Ontario tuition high, but still affordable

Posted on September 14, 2015 in Education Policy Context

TheStar.com – Opinion/Readers’ Letters – Re: Ontario’s tuition fees highest in the country, according to new report, Sept. 8
Sep 14 2015.   Reza Moridi / Linda Franklin

Ontario boasts one of the most affordable, high-quality and accessible post-secondary educations systems in the country. While the sticker price of tuition in Ontario might appear higher than other jurisdictions, it’s critical to consider the supports students receive to offset the cost of tuition through one of the most progressive and robust student assistance programs in Canada.

Our government issued around $1.3 billion in grants and loans last year, and 70 per cent of that assistance was money that students won’t have to repay. The 30 per cent Off Tuition Grant was introduced in 2012 and will save almost 230,000 students up to $1,830 in tuition this year. And recently announced changes have further modernized OSAP, making it more transparent and flexible for students.

These investments have led to very real improvements. Adjusted for inflation, the average repayable OSAP debt of public college and university students graduating in 2014 was 23 per cent less than their 2001 counterparts. Based on a survey of eight provinces by the Canadian University Survey Consortium, Ontario undergraduate students graduate with the third lowest public and private debt. And Ontario now benefits from the highest postsecondary participation rates in the OECD.

We are looking forward to continuing to do more to improve student assistance and I am very much committed to continuing to work closely with student leaders to do so.

But it is important that any conversation around the costs of post-secondary education factors in the assistance that helps ensure students can access a post-secondary education based on their ability to learn, not their ability to pay.

Reza Moridi, Minister of Training, Colleges and Universities, Toronto

It’s important to stress there is a huge range of tuition rates in this province. The typical tuition for an Ontario college program is less than $2,700, among the lowest in the country. College education continues to be affordable and accessible for students seeking a post-secondary education with a career-specific focus.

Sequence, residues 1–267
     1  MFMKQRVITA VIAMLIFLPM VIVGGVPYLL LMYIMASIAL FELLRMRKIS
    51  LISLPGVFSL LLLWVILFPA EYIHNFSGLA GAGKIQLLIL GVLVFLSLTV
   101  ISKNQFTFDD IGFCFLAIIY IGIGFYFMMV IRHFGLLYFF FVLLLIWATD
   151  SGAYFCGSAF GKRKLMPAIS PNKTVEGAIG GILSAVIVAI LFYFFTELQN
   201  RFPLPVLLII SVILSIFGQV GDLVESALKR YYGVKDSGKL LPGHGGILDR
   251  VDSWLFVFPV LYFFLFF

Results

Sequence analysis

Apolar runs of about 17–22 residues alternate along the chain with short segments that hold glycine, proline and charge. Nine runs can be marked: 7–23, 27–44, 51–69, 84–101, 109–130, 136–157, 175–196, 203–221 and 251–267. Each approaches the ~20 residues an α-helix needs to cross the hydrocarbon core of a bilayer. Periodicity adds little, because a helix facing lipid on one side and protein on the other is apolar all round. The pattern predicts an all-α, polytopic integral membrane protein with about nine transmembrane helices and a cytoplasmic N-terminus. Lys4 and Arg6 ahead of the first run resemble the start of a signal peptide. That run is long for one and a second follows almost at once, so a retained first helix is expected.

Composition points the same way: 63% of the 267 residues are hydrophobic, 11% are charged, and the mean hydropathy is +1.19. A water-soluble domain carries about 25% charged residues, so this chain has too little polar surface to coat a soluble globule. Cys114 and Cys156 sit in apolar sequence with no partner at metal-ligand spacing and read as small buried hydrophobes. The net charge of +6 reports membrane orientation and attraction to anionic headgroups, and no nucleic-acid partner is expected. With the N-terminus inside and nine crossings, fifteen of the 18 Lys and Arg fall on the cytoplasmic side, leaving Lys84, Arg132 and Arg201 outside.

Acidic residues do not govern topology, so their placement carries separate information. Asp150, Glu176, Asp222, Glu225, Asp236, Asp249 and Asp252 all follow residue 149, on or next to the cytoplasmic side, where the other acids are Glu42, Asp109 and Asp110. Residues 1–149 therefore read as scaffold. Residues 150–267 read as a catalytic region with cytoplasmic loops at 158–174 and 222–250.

Linda Franklin, President and CEO, Colleges Ontario

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One Response to “Ontario tuition high, but still affordable”

  1. Robyn Guy says:

    I would like to start off by addressing my total loss for words for a brief moment in time. After reading this article, and then rereading again and again (with what I can only assume to be a look of horror on my face) I would like to say that I think that it’s a joke; more so an insult. First of all, I myself am a mature student, I am also a mother of one. I went to college first and received my diploma, and am currently working towards my degree at our local university. I have applied for, and have received OSAP for both college and university so that I can get the higher education our country puts such a huge pressure on us to get from a very young age. I cannot agree that it is affordable, even with the breaks that we get for doing well, and or for being parents who are attending post-secondary institutions, etc. Although every little bit does help, and although I am forever grateful for all the assistance I have received, a very real reality is that everyday that I am closer to graduating, is another day closer to that huge debt I will have to repay. The kicker to this reality is the other reality for my generation; I’m getting this higher education, and I am putting myself into debt for it with no guarantee that I will even gain full-time employment to pay this back for years after I’m done my studies. If tuition was highly affordable, we wouldn’t need to borrow thousands and thousands of dollars from the government to pay for it. Families wouldn’t panic, and have to sacrifice basic needs even to pay for their child’s tuition. There are some very fortunate families that have enough disposable income to pay for tuition, but a lot of families do not. A lot of young adults who live on their own, in an already almost unfeasible situation, do not have the money for tuition and will continue working low-paying jobs to keep up and will give up on the post-secondary education dream because they can’t catch a break. This article also didn’t mention that university tuition in Ontario are over the 6,000 dollar mark. That is ONLY tuition. So, I’d like to know how this article can possibly boast that our tuition is highly affordable.


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